Covid-19: G20 leaders must 'put aside greed and selfishness' to end vaccine inequality
Since the first vaccine was administered, the death toll has risen from 1.3 million to nearly 5 million
Rich countries are currently sitting on an estimated 500 million doses
Amnesty’s global campaign demands that the WHO’s target of vaccinating 40% of the population of low and lower-middle income countries is met by the end of year
‘The millions of deaths shows… a disturbing moral acceptance that profit trumps lives’- Agnès Callamard
G20 leaders meeting in Rome must put aside greed and selfishness and ensure the fair global distribution of Covid-19 vaccines, said Amnesty International ahead of this year’s G20 summit in Rome, Italy, which takes place this weekend.
Last November, leaders from the world’s 20 biggest economies held their annual G20 summit online, with a focus on ensuring Covid-19 vaccines would be made available to everyone.
However, one year on, and the most powerful countries have failed to protect the lives of millions of people - choosing to hoard vaccines - resulting in a predictable and utterly devastating vaccine scarcity for the rest of the world.
Rich countries are currently sitting on an estimated 500 million doses.
Agnès Callamard, Secretary General of Amnesty International, said:
“The rollout of vaccines began last December – bringing hope to a world that had been crippled by Covid-19 and saving millions of lives. However, since the first vaccine was administered, the death toll has risen from 1.3 million people to nearly 5 million due to gross inequality in access.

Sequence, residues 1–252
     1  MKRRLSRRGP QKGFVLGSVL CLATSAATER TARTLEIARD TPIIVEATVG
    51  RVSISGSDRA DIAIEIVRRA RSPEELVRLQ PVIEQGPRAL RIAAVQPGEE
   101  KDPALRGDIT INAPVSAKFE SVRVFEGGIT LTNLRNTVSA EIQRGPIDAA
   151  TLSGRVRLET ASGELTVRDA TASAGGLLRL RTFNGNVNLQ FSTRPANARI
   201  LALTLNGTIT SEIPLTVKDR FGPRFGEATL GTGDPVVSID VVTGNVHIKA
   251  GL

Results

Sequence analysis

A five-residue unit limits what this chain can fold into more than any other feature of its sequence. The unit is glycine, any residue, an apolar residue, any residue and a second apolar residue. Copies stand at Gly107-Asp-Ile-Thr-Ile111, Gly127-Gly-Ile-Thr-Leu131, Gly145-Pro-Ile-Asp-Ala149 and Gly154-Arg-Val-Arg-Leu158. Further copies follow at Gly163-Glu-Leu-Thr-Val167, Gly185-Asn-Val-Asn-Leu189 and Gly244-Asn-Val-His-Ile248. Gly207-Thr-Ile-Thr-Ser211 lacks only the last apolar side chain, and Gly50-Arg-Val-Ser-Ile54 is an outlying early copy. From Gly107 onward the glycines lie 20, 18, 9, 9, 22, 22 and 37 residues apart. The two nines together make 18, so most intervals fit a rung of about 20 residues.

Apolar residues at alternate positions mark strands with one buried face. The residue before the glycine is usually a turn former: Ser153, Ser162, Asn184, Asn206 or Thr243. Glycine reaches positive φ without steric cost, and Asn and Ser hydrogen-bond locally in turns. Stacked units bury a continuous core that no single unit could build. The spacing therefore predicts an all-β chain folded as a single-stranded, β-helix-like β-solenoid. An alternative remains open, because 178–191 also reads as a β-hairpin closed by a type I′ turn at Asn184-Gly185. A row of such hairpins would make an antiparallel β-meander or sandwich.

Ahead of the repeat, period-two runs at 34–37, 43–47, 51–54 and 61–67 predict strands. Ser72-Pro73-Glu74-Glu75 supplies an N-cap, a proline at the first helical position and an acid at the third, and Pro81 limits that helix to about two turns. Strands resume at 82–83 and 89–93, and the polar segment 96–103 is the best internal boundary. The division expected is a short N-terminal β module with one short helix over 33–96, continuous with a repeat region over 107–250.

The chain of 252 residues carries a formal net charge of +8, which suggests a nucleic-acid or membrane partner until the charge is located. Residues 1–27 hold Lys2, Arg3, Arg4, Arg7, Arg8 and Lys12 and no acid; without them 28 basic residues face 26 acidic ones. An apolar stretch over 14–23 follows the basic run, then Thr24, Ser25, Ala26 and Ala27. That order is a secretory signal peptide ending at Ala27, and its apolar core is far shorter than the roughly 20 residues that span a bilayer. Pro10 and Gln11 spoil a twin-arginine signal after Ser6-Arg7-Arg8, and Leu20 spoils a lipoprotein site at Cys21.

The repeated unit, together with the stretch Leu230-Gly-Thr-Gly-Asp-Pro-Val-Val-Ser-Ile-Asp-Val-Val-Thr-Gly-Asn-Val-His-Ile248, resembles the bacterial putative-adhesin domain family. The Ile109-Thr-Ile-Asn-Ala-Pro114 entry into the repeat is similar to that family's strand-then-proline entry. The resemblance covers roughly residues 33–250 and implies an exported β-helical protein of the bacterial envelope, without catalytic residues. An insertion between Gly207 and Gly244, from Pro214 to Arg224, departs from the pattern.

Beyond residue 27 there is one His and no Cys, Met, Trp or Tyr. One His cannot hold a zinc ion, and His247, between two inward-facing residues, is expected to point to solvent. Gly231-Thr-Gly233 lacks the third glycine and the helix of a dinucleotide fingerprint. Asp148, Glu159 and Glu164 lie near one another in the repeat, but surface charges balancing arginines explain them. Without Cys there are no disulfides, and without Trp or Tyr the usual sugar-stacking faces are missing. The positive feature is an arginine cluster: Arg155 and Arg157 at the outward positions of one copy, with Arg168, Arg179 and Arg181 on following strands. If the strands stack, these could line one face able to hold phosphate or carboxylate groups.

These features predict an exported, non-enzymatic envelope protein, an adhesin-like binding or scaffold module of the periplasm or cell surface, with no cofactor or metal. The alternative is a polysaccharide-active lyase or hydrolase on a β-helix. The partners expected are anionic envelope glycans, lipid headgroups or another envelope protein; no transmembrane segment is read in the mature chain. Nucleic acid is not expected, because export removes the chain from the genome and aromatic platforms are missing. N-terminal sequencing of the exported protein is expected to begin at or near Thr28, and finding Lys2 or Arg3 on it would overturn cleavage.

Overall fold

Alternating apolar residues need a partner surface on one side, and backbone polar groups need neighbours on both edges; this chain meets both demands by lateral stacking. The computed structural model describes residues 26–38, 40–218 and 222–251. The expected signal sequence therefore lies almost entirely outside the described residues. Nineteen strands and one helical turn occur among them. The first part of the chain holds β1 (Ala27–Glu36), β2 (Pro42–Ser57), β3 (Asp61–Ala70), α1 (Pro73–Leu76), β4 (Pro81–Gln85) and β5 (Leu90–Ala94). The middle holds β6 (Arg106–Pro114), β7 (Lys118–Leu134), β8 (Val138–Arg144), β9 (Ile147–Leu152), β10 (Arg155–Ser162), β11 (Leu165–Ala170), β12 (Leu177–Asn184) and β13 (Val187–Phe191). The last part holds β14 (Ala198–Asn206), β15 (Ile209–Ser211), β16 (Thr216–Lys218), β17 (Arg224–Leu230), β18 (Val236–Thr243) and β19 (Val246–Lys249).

“The sheer selfishness and greed behind these deaths is unfathomable. While G20 countries enjoy vaccination rates of around 63%, only 10% of the population in low and lower-middle income countries have been able to get vaccinated.
“What have these leaders been doing for the past year but hoarding and actively contributing to vaccine scarcity along with Big Pharma? The millions of deaths show a staggering disregard for human life, a disturbing moral acceptance that profit trumps lives, and a blatant neglect of their global obligations.”
Last year, G20 countries pre-ordered and bought the vast majority of Covid-19 vaccines before they had even been approved for use. Many countries stockpiled enough doses to vaccinate their populations several times over. A year later, they continue to hoard surplus doses, preferring to sit on them, rather than share them with those who need them most.
Last month, Amnesty launched a global campaign to demand that the World Health Organisation’s target of vaccinating 40% of the population of low and lower-middle income countries is met by the end of the year. The ‘100 Day Countdown: 2 billion Covid-19 vaccines now!’ calls on governments with surplus stock to redistribute these doses to other countries by the end of the year.
Agnès Callamard added:
“While some countries have pledged to redistribute vaccines, many still haven’t provided a clear timeline – with some only committing to share vaccines by September next year.
“Vaccines must be shared now. It's in the best interests of everyone - especially if we want to ensure borders can reopen and our global economy can recover in a fair way. The clock is ticking. It’s time to take action now.”